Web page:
You are here

Sunil Meruva asked:What is the significance of RCEP for India? What will be the implications of its FTA with China for the Indian economy?

  • Share
  • Tweet
  • Email
  • Whatsapp
  • Linkedin
  • Print
  • Jagannath P. Panda replies: Debates and dialogues across Asia continue over the process of East Asia economic integration. These discussions continue in the backdrop of the United States ‘pivot’ Asia policy, and continuing tensions over disputes in the South China Sea and the East China Sea, which is touching new climax. The main thrust behind the East Asian economic integration has been ASEAN+6 Agreement and the East Asian Summit (EAS); where the aim and idea is to build a stable Regional Comprehensive Economic Partnership (RECP) among the countries in Asia. The ASEAN+6 RECP is aimed at transforming the region by higher economic growth through more cross-border trade and investment. Among these developments, the India-ASEAN relationship seems to be on constant move and on ascendancy. The relationship between India and the ASEAN seems to be touching new realities, with up-gradation of relationship to strategic partnership during the December 2012 India-ASEAN Commemorative Summit.

    India would like ASEAN+6 Regional Comprehensive Economic Partnership (RCEP) to materialize as soon as possible. This will help in furthering the aims and objectives of India’s own Look-East Policy. RCEP will have huge trade potential. In real practice, RCEP once formalized, is supposed to emerge as the most effective and largest free-trade bloc in the world. It will bring ten ASEAN countries and other six countries (China, Japan, South Korea, India, Australia and New Zealand) together. These six members have FTAs with the ASEAN currently. If it materializes, it is supposed to be one of the most vital free-trade blocs in the world; the combined geo-political resources would put the grouping into a totally different league, making it the most important economic grouping of the world. The idea of RCEP negotiations is a new one; and was mainly discussed during the East Asian Summit in Phnom Penh (Cambodia) in November 2012.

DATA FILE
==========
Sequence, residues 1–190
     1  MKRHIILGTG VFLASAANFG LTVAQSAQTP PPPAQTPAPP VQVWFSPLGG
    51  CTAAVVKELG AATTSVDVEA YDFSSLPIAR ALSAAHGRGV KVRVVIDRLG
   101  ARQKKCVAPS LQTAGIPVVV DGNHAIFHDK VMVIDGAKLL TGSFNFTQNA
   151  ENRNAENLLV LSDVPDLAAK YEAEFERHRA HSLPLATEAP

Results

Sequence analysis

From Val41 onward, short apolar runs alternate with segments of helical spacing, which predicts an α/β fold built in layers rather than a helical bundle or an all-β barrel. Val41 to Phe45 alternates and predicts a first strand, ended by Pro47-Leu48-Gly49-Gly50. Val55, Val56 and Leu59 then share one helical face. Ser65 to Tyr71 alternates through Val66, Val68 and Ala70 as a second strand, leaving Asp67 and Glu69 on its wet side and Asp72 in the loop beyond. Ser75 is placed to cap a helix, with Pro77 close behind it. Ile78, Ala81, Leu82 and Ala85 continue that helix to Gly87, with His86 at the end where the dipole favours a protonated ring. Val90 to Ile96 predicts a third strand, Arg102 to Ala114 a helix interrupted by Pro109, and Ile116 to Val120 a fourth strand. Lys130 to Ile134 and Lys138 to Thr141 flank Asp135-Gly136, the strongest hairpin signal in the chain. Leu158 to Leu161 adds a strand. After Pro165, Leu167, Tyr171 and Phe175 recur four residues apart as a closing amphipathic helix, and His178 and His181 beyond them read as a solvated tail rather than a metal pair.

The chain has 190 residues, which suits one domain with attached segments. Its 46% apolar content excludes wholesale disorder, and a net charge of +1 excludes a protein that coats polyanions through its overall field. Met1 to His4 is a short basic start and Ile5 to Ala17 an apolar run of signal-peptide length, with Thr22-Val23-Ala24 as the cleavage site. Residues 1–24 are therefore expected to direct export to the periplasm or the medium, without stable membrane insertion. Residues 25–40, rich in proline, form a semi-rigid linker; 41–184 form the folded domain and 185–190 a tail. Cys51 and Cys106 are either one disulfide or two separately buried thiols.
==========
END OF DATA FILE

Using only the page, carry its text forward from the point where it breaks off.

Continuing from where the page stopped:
Clubbing with the ASEAN has been a principal policy priority for both China and India. At present, while China has clubbed with the ASEAN+1, ASEAN+3 and ASEAN+6, India is clubbed only under the ASEAN+6 framework. Compared with India, the Chinese have always enjoyed closer contact with the ASEAN through a versatile engagement policy that includes building up a variety of economic, political and cultural linkages. Officially, China wants to promote and has asked for ‘ASEAN’s leading role in regional cooperation’ in East Asia under ASEAN+1 or ASEAN+3 frameworks. Beijing has developed and pushed for a range of ‘practical cooperation’ in the fields of infrastructure, connectivity, trade and economy, capital and information, transport and people-to-people exchanges. The former Chinese Premier Wen Jiabao had pointed out recently that, in 2010, ‘China became ASEAN’s biggest trading partner [...] launched the largest FTA among developing countries and [ . . . ] set the target of $500 billion in two-way trade by 2015’. India must take a serious note of this Chinese intent, and accordingly maximize its trade and economic contacts with the region.